obituary image

A major topic of discussion surrounding social media is how people post polished photographs that are glimpses into their lives that are romanticized, perfected and literally enhanced with filters. A person will post a picture-perfect engagement shot of herself and her fiancé on Instagram so that everyone can be happy for them and to share the news. With the death of a loved one, it’s nice to be able to post one of your favorite pictures as well as a few sentimental lines about how much they will be missed. In a sense, it creates a memory of the deceased that is perfected – enhanced, cropped and essentially tied up with a perfect, neat bow and then presented outwardly towards the community. It is a special experience to be able to say, “Look at my grandmother. She was so cute and meant a lot to me. I want her life to just be commemorated for a few seconds, even if she will never actually see the post.” MIT professor, Sherry Turkle stated that, “We have come to believe that our experiences are not validated unless we have shared them.” Perhaps posting on social media also helped me to come to terms with the news before I was able to move on.

“We have come to believe that our experiences are not validated unless we have shared them.” – Sherry Turkle, MIT

In essence, an Instagram or Facebook post announcing the death of a loved one is no different than a formal obituary in the newspaper. In fact, I think it is better as it is not closed off in a morbid section devoted just to death. It is incorporating the memory of someone’s life into every day content that is posted, mixing it in with joyous posts about weddings, birth announcements, and other natural parts of life. So thank you, Instagram, for allowing me to share the news of my grandmother’s death but more importantly the memory of someone who was so important to me with all those with whom I have chosen to be social media friends, creating a supportive community surrounding me during a time that I needed it most.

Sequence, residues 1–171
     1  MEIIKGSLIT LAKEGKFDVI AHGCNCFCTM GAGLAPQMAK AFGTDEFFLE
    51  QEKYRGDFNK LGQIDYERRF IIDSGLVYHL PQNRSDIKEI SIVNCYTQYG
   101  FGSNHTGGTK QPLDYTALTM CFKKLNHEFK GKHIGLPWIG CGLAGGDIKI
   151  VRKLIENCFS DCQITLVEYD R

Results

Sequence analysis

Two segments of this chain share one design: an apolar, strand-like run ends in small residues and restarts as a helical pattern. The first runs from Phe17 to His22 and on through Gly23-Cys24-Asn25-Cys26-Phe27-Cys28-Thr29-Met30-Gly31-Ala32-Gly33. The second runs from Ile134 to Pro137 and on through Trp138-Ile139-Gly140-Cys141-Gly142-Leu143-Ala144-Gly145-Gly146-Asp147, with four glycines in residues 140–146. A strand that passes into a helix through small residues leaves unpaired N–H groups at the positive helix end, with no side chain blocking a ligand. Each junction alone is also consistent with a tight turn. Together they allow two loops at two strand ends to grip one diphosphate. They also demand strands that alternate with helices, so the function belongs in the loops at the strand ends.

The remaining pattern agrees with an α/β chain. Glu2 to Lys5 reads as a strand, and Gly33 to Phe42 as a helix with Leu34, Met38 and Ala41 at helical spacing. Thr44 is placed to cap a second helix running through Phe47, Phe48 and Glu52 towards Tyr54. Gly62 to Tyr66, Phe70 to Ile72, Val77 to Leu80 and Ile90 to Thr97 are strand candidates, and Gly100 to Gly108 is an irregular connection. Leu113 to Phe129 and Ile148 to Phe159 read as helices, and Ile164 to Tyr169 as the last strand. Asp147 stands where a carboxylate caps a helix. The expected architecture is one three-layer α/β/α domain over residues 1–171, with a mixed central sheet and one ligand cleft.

10 comments

  1. First of all, I want to say I am very sorry to hear about your grandmother. I like how social media has become an outlet for mourning a loved one. I can relate to you saying that is has helped you grieve and how a social media post provides light on one’s life as opposed to being in a, “closed off section devoted just to death.” It is amazing to see friends and family, some of whom you have gone a long time without communicating with, provide support in a time of need. Social media has allowed us to bond in countless ways but in situations such as this, it provides a community to be in touch with when it is needed most.